Homo Habilis lived about 2.3 to 1.65 million BCE. They had larger brains than predecessors and used stone tools as well as used and controlled fire. They were likely the first hominids to explore most of the Earth. We know these hominids evolved into at least 20 known species of which only Homo Sapiens survive today.
Some of our extinct distant cousins but NOT* our ancestors:
- Homo antecessor: 1.2 million to 800,000 BCE (Spain; maybe England and France)
- Homo erectus**: 2 million to 108,000 BCE (Eurasia)
- Homo floresiensis: 60,000 to 50,000 BCE (Indonesian island of Flores)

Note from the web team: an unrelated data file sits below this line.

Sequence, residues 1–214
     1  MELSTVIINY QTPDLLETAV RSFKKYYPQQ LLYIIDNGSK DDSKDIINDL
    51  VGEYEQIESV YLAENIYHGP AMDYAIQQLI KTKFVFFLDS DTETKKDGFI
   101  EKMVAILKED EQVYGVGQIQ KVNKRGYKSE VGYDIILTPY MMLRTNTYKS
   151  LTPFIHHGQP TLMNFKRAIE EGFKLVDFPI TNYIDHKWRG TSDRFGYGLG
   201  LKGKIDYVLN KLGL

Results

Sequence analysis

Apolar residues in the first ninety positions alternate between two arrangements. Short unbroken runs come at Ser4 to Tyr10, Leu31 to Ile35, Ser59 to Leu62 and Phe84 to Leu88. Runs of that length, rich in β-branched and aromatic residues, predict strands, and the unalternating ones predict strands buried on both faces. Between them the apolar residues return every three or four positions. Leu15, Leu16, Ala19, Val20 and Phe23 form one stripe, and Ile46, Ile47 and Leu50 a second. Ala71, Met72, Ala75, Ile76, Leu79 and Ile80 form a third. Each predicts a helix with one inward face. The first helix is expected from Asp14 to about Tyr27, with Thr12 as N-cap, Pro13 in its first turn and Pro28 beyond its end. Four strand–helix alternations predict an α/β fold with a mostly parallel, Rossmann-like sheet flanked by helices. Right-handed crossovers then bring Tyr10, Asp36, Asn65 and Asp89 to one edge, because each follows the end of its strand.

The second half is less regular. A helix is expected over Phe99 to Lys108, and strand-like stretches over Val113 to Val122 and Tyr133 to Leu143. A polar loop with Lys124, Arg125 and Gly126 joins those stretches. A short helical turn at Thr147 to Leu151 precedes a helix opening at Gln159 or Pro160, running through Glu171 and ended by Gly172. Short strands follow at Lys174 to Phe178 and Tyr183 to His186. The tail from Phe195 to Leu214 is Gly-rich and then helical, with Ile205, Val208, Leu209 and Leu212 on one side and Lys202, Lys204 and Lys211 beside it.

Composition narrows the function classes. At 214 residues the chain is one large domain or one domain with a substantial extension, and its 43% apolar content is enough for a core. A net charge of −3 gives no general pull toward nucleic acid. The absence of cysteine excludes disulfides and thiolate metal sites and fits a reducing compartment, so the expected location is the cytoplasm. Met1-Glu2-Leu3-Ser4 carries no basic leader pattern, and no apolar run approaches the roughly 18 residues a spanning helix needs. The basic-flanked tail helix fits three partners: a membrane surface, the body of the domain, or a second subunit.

- Homo luzonensis: 67,000 to 50,000 BCE (Philippines)
- Homo naledi: 335,000 to 236,000 BCE (Africa, along side our direct ancestors)
Our distant cousins exhibited some human traits including cave dwelling, controlled fire, team hunting, and butchering of prey with tools. The surviving tools found are made of stone and bone but it is very likely they used other less durable types of materials like wood, vines, feathers, sticks, etc. For example, the hand axe dates back to before 2 million BCE. All this evidence indicates these human traits likely evolved before 2 million BCE.
*No valid evidence, and not currently thought to be an ancestor.
**There is a debatable hypothesis that homo erectus explored the world, returned to Africa, and those that returned evolved into homo ergaster and are our direct line ancestors.